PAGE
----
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Sam & Max Season 2

Episode five and the season as a whole.

And so the second episodic adventure with Sam & Max comes to a close. The final episode - What's New, Beelzebub? - is very much of a piece with the previous entries in this season. That's to say that it's exquisitely written, packed with some of the best humour ever seen in games, but curiously disappointing as an actual game.

There's no faulting the presentation, the only persistent technical grumble is some sluggish loading times, but the criticisms have become wearily familiar over the past few months. Once again the action revolves around the same old street, with a few remote locations to jaunt between. This time it's Hell, with the Freelance Police entering the underworld to rescue the souls of all the characters who have died during the season. Of course, this means that pretty much everyone to have crossed their path gets to come back, including Hugh Bliss, Brady Culture and Santa Claus, and there are also some brief excursions to miniaturised locations from episodes past.

What is more troublesome is how routine the actual gameplay has become. With that in mind, rather than simply reiterating the same praise and criticism for the final episode, consider this a look back at the season as a whole, how the episodic format is working out, and the implications it has for gameplay.

Telltale deserves plenty of praise for being arguably the first commercial developer/publisher to actually deliver on the episodic gaming promise. Each new chapter arrives on time, every month, for a very reasonable price - which is more than most have managed. The storyline may have wandered a little to begin with, but the past few episodes have drawn together the various plot threads in a mostly satisfying way. There'll inevitably be some groans at the big reveal as to who's been behind this season's skulduggery, and the way the earlier episodes are roped into the larger story isn't entirely convincing, but it holds together a lot better than most game storylines.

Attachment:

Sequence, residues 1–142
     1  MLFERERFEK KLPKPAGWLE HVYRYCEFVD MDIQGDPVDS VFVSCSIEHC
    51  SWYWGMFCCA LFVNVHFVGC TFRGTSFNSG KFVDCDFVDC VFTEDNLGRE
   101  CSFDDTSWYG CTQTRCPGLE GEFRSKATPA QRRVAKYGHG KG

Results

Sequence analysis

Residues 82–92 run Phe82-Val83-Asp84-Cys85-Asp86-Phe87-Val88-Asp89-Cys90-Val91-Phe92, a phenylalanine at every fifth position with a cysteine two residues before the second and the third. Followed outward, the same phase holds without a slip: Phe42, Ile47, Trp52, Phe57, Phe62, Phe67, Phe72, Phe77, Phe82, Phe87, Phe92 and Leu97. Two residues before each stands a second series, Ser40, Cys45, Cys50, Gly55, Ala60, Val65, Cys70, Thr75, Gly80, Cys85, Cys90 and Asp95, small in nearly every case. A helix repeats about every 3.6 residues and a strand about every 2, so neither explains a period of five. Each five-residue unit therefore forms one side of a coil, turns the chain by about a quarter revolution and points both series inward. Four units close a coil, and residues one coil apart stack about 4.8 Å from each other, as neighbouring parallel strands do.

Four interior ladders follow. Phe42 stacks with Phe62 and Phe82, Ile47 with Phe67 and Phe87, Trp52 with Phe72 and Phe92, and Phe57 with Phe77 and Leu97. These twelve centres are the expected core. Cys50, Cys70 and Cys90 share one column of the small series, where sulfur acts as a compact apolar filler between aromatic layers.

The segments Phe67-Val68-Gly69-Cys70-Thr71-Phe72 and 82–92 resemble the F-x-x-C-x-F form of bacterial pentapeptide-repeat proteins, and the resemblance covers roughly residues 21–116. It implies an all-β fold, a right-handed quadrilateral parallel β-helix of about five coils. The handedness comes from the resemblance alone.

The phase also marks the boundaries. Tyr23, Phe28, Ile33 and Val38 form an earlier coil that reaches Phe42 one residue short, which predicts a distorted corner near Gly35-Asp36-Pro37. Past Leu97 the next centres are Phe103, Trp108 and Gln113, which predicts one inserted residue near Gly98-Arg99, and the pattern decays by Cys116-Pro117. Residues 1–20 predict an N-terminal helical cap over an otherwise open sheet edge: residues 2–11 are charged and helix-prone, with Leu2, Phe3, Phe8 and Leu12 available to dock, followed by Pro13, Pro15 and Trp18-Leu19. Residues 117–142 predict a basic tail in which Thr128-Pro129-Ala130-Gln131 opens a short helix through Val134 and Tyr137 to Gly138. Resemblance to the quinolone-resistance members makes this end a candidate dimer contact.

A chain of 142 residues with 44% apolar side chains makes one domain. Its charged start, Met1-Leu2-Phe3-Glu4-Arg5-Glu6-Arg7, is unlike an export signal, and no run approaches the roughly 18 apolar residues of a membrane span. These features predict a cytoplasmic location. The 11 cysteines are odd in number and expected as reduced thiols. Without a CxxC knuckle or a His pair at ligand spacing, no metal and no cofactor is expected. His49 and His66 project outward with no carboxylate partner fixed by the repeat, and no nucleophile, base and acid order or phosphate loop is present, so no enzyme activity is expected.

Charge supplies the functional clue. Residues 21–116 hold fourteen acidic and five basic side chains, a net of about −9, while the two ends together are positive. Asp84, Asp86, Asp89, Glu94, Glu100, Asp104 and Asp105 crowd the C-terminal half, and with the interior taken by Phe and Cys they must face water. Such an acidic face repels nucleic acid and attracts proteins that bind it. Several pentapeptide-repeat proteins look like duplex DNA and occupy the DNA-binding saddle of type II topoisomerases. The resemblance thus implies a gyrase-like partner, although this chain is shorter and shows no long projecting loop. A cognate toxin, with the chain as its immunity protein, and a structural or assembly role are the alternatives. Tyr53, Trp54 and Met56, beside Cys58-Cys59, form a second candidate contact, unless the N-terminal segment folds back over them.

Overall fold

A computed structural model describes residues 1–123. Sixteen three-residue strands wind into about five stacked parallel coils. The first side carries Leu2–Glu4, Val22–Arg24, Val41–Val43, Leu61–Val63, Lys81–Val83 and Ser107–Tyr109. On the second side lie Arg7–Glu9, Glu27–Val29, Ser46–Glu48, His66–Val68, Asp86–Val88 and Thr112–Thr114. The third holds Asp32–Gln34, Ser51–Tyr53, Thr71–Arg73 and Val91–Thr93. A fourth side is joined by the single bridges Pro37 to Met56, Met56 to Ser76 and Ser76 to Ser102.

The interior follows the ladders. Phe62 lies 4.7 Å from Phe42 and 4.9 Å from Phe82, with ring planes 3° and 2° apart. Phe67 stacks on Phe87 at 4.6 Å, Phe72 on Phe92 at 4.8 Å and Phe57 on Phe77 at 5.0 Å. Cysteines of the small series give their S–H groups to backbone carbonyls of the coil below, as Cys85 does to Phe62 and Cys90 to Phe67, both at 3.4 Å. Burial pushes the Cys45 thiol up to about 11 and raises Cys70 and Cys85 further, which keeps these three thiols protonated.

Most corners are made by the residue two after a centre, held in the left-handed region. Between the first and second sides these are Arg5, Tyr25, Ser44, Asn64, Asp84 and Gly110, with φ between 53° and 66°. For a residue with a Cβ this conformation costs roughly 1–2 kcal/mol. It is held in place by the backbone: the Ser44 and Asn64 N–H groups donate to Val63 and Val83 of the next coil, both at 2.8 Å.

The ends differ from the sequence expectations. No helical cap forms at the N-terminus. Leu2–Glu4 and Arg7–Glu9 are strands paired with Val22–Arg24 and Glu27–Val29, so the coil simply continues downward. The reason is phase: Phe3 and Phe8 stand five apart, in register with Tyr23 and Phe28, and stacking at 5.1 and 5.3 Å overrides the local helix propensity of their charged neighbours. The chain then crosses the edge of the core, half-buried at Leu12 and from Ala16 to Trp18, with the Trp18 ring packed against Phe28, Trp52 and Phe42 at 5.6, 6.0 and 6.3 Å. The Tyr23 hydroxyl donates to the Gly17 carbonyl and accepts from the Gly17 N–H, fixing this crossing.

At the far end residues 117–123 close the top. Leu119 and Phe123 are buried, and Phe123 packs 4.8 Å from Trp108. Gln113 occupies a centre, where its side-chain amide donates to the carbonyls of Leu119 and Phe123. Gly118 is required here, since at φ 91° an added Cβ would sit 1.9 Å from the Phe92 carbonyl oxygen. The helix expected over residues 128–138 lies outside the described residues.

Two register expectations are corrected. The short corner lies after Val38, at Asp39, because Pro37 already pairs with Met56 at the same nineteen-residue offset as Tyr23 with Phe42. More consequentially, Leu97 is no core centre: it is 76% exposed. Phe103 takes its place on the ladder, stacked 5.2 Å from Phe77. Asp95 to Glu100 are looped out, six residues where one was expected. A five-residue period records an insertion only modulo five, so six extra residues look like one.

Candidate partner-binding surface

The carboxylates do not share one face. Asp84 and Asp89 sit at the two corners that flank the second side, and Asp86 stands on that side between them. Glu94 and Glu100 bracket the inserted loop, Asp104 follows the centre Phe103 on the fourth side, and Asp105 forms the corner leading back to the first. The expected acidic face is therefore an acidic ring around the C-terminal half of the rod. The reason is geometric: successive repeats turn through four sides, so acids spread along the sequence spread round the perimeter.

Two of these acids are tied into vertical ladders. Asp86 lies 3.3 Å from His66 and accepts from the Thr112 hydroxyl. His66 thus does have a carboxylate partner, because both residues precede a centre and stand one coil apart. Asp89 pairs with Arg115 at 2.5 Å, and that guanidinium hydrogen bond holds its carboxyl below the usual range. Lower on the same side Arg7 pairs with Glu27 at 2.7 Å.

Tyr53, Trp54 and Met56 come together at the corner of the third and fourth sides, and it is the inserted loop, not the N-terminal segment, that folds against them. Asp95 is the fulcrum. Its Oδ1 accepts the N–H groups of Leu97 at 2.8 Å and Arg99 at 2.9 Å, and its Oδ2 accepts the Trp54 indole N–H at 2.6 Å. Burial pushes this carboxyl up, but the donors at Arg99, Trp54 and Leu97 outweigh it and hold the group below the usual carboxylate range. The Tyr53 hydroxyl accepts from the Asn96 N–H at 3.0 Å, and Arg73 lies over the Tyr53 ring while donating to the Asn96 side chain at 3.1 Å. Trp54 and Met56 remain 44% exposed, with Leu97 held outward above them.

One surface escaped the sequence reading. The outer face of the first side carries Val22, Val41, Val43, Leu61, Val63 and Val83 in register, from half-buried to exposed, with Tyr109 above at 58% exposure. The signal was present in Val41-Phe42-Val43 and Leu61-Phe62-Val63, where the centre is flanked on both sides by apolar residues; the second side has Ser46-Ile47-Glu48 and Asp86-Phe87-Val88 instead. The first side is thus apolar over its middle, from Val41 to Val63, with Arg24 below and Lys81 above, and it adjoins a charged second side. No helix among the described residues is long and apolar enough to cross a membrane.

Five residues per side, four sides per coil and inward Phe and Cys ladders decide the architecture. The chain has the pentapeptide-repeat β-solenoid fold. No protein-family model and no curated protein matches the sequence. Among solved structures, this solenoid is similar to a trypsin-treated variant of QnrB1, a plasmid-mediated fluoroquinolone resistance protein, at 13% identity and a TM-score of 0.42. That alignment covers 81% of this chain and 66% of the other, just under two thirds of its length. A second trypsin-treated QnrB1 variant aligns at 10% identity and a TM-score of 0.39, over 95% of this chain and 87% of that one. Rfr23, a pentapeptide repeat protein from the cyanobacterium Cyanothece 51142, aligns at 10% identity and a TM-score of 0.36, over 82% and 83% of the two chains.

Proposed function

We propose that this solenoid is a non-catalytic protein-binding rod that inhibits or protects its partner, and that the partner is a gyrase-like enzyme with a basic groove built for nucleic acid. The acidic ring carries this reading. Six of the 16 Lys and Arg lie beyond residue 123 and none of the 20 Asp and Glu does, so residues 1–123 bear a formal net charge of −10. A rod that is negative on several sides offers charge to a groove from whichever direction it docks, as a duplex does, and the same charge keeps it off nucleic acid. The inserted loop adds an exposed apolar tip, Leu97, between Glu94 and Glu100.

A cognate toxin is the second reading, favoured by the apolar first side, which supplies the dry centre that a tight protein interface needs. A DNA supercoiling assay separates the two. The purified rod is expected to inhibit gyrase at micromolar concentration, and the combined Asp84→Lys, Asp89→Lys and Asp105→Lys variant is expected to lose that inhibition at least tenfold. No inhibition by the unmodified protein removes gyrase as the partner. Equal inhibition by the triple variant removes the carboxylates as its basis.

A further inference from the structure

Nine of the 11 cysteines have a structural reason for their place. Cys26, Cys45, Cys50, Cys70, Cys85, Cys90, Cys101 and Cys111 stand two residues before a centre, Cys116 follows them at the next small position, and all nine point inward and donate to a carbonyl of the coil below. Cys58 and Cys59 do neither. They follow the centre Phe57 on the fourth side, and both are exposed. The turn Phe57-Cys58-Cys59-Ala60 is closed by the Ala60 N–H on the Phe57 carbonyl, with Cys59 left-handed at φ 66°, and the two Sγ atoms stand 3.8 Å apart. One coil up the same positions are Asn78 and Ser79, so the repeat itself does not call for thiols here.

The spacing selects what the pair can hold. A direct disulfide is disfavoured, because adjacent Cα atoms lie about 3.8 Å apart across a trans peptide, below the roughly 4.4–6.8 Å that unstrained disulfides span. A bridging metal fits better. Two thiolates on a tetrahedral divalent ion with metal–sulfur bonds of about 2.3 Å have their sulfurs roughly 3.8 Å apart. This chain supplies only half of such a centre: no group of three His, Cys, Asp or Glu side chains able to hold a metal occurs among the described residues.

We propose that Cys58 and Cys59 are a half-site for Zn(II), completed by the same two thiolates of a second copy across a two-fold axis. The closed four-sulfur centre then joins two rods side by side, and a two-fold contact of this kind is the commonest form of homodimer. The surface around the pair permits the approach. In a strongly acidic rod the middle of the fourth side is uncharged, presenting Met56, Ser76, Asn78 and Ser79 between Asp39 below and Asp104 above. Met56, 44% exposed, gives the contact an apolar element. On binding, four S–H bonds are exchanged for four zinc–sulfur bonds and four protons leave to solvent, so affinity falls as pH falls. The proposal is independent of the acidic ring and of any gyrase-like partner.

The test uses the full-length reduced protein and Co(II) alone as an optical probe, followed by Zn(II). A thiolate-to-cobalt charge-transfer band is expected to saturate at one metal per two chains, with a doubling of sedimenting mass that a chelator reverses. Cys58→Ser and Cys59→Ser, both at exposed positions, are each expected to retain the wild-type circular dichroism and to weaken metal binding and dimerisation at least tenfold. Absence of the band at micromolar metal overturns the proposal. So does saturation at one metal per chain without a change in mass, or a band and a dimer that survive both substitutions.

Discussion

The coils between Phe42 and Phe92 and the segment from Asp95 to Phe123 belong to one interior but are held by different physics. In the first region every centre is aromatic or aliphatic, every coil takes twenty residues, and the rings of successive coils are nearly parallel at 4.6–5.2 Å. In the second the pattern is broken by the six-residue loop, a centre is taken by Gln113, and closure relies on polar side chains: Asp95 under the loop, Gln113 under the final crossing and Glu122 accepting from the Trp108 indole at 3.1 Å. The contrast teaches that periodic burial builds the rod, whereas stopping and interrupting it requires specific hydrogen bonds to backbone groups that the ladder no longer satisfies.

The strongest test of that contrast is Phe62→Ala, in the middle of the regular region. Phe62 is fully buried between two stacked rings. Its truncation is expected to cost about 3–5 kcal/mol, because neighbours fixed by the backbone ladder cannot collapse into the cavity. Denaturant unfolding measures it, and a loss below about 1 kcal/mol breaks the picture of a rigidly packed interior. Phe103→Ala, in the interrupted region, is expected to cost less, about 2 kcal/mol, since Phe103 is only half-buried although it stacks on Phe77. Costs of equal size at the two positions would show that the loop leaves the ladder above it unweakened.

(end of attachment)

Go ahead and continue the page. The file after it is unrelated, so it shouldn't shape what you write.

Flint Paper, just one of the many characters returning for the final episode.

But the point-and-click genre is one mired in convention, and the Sam & Max revival has fallen awkwardly in the middle of where the genre has been and where it needs to go in the future. One of the recurring complaints - from me, anyway - is that the episodes seem to be getting easier. This is certainly true of the final chapter which, while slightly longer than its predecessors, is no more challenging. There are a couple of puzzles that will slow you down, but even then it's generally a case of knowing very quickly what needs to be done but struggling to figure out how.

Now, I've never been an expert at point-and-clickers. It's a genre I have a lot of affection for, but I'm not ashamed to say that I often had a magazine tips section to hand when working through Monkey Island 2 or Indiana Jones and the Fate of Atlantis. Sam & Max, 2008 edition, seems to go out of its way to avoid the sort of obtuse solutions that used to typify the genre - which is good - but doesn't seem to have found a balance between testing the player and coaxing them through to the next episode. A few hours of gameplay is fine for a game delivered in this fashion, but only if those hours feel substantial as both a game and a story.

All aboard the Soul Train, with Harry Moleman in his new job as Death.

This is compounded by the necessarily small play areas and limited inventories of the episodic format, and then compounded further still by the fact that, by now, anyone familiar with the Sam & Max universe will almost always be one step ahead of the puzzles. There were several moments in episode five where I'd be told that I needed to find a certain object, or it'd be suggested that I'd need a certain type of object, and I'd already have it in my inventory. Equally, there are several moments where you find an object in one screen, only to use it in the next. For the most part, these aren't puzzles - at least not as adventure gamers know them - but rudimentary inventory games. Fetch quests, really, but with not very much to fetch. Nothing in this episode, or any of the previous episodes, had me stumped for more than a few minutes. That's not a boast, but an indication that most gamers will breeze through Season 2 without too much trouble.

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Dan Whitehead avatar

Dan Whitehead


Dan has been writing for Eurogamer since 2006 and specialises in RPGs, shooters and games for children. His bestest game ever is Julian Gollop's Chaos.